= Pyramid Arena in Memphis, Tenn., former home University of Memphis, from 1991 to 2004. The NBA’s Grizzles were to play in it but it needed significant upgrades after a flood. Reopened in 2015 as a Bass Pro Shops megastore. It stands 321 feet on each side.
= The Luxor Hotel in Las Vegas opened in 1993. Includes inclined elevators that travel at a 39-degree angle. It stands 350 feet on each side.
= The San Diego Innovation Center opened in 1992 (cost: $45 million) as a six-story glass office building 150-feet high

Long Beach State men’s basketball
42 == Ed Ratleff, 1969-73
20 == Glenn McDonald, 1970-74
30 == Lucious Ware, 1989-93
32 == Byron Russell, 1990-93
Long Beach State women’s basketball
4 == Penny Toler, 1986-89
15 == LaTaunya Pollard, 1980-83
53 ==Cindy Brown, 1983-87
Long Beach State women’s volleyball
5 == Misty May, 1995-98
14 == Tara Cross, 1986-89
7 == Antoinnette White, 1989-91
2 == Danielle Scott, 1990-93
Long Beach State men’s volleyball
15 == Brett Winslow, 1988-91
7 == Brett Hilliard, 1990-93

49ers women’s volleyball: AIAW Champions 1972, ’73. NCAA champions 1989, ’93, ‘98
49ers men’s volleyball: NCAA champions 1991, 2018



A sign of the (L.A.) Times: Fore more years of Trump? Rick Reilly would be lying if he said he wanted that, for golf’s sake

By Tom Hoffarth

Rick Reilly’s course of action isn’t to cheat the audience.
The former L.A. Times, Sports Illustrated and ESPN writer sized up the room of about 30 bunched into the center of an independent book store in Manhattan Beach the other night and declared: As a golfer, your president is all about unplayable lies.
“If he’s making America great, he’s made golf gross,” Reilly exclaimed.
It’s all there on the cover of the book Reilly is promoting — “Commander In Cheat: How Golf Explains Trump” (Hachette Books, $28, 244 pages), hacking its way up all sorts of bestseller lists.
Drawing upon his journalistic DNA, Reilly dedicated this book to “the truth … it’s still a thing.” In his acknowledgements, he thanks “every reporter out there who keeps pursuing the truth head-first into the worst hurricane of lies, insults and Constitution-trampling I’ve ever seen in my 40 years in the business. You inspire me.”
More at the L.A. Times website linked here.

= Excerpts from the book in Esquire magazine.
= Reilly’s piece about the book for The Atlantic
= Reilly on CNN via

The vodcast: Pearlman, Dufresne, Vanderpool, the USFL … preposterous fun, ready on two …

What if we told you there was a pro football league that existed more than 30 years ago, contrived as a complimentary spring exercise to the NFL’s fall season, but then one owner in particular based in New York couldn’t help himself, drove it off the cliff at the expense of his supposed business partners, and later would be doing the same things in the White House.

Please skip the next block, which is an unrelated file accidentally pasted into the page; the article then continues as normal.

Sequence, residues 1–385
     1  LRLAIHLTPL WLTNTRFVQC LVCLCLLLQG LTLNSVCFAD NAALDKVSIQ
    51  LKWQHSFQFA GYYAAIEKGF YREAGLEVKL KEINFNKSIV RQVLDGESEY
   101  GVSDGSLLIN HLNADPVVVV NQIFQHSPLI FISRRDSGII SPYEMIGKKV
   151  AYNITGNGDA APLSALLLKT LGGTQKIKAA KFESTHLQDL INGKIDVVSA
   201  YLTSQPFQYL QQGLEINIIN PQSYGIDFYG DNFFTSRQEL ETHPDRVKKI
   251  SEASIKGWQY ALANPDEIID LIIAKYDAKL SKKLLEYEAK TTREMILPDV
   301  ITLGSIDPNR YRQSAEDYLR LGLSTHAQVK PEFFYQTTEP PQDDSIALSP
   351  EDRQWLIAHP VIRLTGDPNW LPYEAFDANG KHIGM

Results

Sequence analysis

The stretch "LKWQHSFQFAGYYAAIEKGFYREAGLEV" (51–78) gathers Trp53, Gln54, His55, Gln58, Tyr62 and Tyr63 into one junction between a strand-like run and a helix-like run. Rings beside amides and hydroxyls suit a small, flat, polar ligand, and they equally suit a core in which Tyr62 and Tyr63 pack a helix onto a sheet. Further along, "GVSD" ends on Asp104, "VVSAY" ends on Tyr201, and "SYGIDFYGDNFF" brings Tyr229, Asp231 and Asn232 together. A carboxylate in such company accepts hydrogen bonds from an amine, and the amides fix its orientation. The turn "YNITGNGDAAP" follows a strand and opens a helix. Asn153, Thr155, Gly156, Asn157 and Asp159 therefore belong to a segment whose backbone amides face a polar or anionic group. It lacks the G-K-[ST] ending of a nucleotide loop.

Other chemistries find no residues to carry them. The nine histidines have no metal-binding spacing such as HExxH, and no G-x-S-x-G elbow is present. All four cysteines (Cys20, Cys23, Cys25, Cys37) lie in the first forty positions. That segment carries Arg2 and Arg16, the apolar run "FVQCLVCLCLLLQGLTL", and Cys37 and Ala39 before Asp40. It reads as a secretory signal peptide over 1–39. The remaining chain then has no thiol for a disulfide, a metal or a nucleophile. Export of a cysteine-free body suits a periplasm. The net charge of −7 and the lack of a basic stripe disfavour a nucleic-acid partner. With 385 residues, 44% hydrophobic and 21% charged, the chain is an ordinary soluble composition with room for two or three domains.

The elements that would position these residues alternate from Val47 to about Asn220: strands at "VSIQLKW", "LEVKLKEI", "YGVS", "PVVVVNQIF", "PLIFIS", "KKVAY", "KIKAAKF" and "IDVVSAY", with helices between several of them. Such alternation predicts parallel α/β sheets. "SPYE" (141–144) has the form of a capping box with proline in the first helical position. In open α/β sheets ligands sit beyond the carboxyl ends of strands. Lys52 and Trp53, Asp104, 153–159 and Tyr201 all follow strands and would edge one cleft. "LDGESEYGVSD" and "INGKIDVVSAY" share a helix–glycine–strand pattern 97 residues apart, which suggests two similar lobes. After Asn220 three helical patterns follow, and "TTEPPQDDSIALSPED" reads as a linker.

We could also tell you this particular story was already an ESPN original “30 For 30” doc  called “Small Potatoes: Who Killed the USFL.”
51cgUKUBGuLNevertheless, we booked Jeff Pearlman on vodcast based on his book: “Football For A Buck: The Crazy Rise and Crazier Demise of the USFL.”
Crazy, sure. It’s been
 discussed on shows as diverse as NPR to ESPN’s “Outside The Lines”.  From NESN to the Peter King podcast ...
From FS1’s Colin Cowherd to DirecTV Audience Network show host Rick Eisen. Plus, it has been featured in Forbes and The Christian Science Monitor, and The Associated Press Sports podcast.
We have a different spin.
A true spiral.
One inspired by a left-handed Mormon who made the Los Angeles Express something we still look fondly back on.
The Southern California-based Pearlman, the former Sports Illustrated writer now working for The Athletic who did the incredible Lakers’ book “Showtime: Magic, Kareem, Riley, and the Los Angeles Lakers Dynasty of the 1980s in 2014, carves out some time here to spend with us.
More context: Chris Dufresne of TMG Media, which focuses on college football coverage, was the Los Angeles Times beat writer for the L.A. Express starting with their 1982 birth up until the final courtroom drama that ended with a jury agreeing that the NFL did in fact monopolize pro football, but the USFL was owed just one dollar in damages.
Add to this: Tom Hoffarth covered the Express for several years as well for the South Bay Daily Breeze.
And … Steve Lowery and Steve Vanderpool were part of the Express public relations team and knew all the ins and outs of what went on in the offices.
They got the band back together.
Here is an hour of discussion that Pearlman said in a parting Twitter DM that “was preposterously fun” to do … hope he has the same feeling after watching it here (and where in the world is Bob Rose these days?):

In 2013, Pearlman prepped us by writing this for Sports Illustrated.
And here’s more on Pearlman’s website linked here.
And an excerpt here on Bleacher Report.